Biz was pretty upset about the whole thing and with good reason when his 1993 album “All Samples Cleared” came out, but this was to be the last full length rap album by Biz in the last ten years. “Young Girl Bluez” shows up on this compilation, and it’s inclusion proves that Biz’s reign was cut short far too soon. The Salaam Remi beat was a smooth set-up of a soft bassline, harmonizing, and piano drops mixed with a Slick Rick vocal lift for the hook that’s perfectly weaved with Biz’s mournful tale:
“Proceedin along, I must have to say
It was comin very close to her birthday
I asked ‘What do you want?’ She said ‘A pair of earrings’
I never knew what an avalanche the future brings
Her birthday came and she gave a party
I arrive kind of late to the place to be
People was excited for seein my face
If my mother ever knew I would be a disgrace
They sung, ‘How old are you now?’ to Rhumba-reen
I was in shock when they screamed ‘Sixteen!’
I felt like fallin apart when I heard the news
This is the never-endin saga of the young girl blues!”
Poor Biz – the ones his age don’t want him, and the ones that do he can’t have – the man just never wins! This “Greatest Hits” album is a winner though, not just for the classic cuts from the Biz’s catalogue that are included but the surprising addition of his obscure singles “Turn Tha Party Out” and “Studda Step” released in the last few years as an attempt to revive his career. The latter track was a personal favorite when I was a radio DJ at Iowa State University because the acapella seems custom made for scratching:
“I said I said I said I said my name is Biz Markie
And all the people always know me for my co-me-dy
I make you laugh I make you giggle ha-ha-hee-hee-hee
I graduated from, Hip Hop University
I got I got I got a license from the DMV
And sometimes you see me rollin in a Cherokee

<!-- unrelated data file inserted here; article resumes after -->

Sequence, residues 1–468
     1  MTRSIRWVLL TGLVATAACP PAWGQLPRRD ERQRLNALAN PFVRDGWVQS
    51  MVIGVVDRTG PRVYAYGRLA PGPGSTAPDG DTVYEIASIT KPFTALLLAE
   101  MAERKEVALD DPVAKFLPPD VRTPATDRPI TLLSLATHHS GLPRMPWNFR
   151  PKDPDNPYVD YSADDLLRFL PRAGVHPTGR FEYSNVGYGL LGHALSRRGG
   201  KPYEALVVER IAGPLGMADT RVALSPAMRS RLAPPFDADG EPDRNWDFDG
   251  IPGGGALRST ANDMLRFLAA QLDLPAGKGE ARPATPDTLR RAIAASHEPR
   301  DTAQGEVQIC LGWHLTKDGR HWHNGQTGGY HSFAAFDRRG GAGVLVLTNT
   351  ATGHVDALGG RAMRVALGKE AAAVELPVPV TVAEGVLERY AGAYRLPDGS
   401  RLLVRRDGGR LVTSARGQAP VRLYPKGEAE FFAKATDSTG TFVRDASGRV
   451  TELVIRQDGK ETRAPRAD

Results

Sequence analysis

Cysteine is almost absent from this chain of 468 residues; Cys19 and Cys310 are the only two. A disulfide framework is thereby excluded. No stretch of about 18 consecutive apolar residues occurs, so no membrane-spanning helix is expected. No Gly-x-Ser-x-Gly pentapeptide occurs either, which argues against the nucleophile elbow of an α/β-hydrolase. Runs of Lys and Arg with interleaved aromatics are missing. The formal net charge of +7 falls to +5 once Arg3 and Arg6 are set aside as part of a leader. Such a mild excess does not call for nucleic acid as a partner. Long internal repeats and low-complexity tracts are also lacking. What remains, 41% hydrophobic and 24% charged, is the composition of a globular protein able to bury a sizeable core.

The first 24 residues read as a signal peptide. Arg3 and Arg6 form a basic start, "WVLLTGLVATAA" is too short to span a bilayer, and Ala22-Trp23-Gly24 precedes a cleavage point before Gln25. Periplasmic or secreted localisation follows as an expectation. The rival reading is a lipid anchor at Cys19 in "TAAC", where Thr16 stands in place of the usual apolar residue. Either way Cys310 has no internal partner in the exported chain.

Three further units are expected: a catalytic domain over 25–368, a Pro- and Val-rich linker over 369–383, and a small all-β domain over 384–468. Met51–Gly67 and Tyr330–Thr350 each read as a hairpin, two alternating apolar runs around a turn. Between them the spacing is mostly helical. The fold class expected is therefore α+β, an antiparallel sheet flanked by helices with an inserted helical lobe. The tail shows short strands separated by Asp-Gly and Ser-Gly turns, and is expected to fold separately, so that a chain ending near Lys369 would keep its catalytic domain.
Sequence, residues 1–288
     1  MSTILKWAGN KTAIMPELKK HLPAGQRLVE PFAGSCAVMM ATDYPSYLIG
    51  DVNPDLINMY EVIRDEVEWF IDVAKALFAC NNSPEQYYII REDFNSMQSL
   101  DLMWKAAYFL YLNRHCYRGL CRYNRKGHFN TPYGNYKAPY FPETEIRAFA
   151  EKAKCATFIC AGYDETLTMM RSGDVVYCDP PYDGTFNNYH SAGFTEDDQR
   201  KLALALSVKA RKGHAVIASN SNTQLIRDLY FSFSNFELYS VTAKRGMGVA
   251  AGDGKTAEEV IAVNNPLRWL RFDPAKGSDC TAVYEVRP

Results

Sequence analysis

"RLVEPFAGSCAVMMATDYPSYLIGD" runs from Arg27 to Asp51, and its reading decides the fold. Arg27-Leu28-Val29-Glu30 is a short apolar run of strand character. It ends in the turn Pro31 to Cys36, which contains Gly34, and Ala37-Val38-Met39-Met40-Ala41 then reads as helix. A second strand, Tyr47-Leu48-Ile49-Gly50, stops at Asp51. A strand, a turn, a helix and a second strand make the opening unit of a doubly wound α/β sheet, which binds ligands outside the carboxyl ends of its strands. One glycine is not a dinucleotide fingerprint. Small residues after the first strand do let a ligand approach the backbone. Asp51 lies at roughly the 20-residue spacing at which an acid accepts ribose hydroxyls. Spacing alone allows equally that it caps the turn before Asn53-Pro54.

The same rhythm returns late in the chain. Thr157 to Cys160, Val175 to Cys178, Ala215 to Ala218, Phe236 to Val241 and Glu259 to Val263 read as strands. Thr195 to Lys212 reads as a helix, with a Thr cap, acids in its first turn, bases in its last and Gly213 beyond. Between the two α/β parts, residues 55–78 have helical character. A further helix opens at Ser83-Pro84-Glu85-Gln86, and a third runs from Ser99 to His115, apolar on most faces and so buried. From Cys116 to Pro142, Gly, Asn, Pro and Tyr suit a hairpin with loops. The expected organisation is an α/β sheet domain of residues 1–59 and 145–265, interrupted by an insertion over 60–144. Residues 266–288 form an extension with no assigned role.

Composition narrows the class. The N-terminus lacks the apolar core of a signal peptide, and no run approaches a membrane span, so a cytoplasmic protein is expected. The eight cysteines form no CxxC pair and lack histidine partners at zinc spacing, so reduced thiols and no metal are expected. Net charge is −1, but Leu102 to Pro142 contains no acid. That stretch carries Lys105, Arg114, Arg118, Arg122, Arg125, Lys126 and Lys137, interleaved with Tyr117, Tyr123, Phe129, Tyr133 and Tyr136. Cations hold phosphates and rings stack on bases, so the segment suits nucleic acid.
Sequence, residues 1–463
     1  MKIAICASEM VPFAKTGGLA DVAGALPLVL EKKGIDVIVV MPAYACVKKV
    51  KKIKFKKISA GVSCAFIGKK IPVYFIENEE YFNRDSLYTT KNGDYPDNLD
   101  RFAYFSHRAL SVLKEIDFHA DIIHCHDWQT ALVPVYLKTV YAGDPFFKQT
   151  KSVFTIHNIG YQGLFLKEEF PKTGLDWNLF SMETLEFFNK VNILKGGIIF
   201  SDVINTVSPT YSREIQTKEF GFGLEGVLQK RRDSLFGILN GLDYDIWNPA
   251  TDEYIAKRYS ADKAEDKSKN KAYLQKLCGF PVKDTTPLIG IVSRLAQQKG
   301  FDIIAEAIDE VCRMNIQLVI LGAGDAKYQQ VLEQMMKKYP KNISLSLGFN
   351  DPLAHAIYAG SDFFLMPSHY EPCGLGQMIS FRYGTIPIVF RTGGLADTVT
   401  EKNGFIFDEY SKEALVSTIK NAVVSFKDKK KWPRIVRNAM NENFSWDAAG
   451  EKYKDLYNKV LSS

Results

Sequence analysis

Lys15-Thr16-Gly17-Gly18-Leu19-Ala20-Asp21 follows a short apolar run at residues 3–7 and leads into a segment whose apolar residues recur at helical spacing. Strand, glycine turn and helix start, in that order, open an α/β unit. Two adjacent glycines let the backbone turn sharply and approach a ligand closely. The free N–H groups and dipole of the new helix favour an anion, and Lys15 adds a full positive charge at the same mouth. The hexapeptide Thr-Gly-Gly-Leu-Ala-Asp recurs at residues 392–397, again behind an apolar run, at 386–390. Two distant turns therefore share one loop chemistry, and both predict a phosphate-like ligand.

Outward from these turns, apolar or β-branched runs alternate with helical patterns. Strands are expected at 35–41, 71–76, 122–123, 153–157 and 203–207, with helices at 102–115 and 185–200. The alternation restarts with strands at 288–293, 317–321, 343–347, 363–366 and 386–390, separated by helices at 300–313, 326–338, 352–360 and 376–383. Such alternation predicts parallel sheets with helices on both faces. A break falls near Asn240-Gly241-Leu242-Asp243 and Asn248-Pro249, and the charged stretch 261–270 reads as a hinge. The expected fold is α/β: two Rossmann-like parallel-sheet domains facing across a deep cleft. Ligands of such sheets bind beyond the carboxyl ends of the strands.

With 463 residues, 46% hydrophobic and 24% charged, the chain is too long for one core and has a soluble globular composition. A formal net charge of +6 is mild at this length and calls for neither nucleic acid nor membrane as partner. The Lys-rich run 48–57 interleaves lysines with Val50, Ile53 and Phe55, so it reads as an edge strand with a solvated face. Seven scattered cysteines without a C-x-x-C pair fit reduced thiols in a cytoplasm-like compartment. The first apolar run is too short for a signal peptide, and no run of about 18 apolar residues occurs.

Whether I’m in Connecticut or D.C.
I make I make a party cook like Chef Boy-ar-dee
I be I be catchin wreck on the M-I-C
And you can go with the flow or you can disagree
You know you know you know you know I got a degree
Or you can get a D.T. to check my pedigree
Now you can write the N-double-A-C-P
Or ask Al Sharpton how I be
You ah you ah you ah you will find definitely
that NO-BODY BEATS THE B-I-Z!”
Will Biz Markie’s appearance in “Men in Black II” lead to the long awaited revival of his rapping career? Probably not, because the Biz now makes his living AS a DJ, spinning at parties and industry functions. It’s a shame the man who once made the hits now only plays them for others, but I’m still glad he’s involved in hip-hop in ANY capacity. Those of you who’ve seen my e-mail signature know it includes an all-time favorite Biz Markie quote: “They say I look and sound ugly but I don’t be carin.” Damn straight – he may be in the running with Jermaine Dupri and Craig Mack for the winner of the “bashed by a brick” rap face, but his lighthearted and enjoyable raps were in the words of Keith Murray “the most beautifullest thing in this world.” Old school Biz fans will be pleased as punch by this LP, and newbies will find it a refreshing change from most of what passes for rap music on the radio today. This is a MUST OWN album.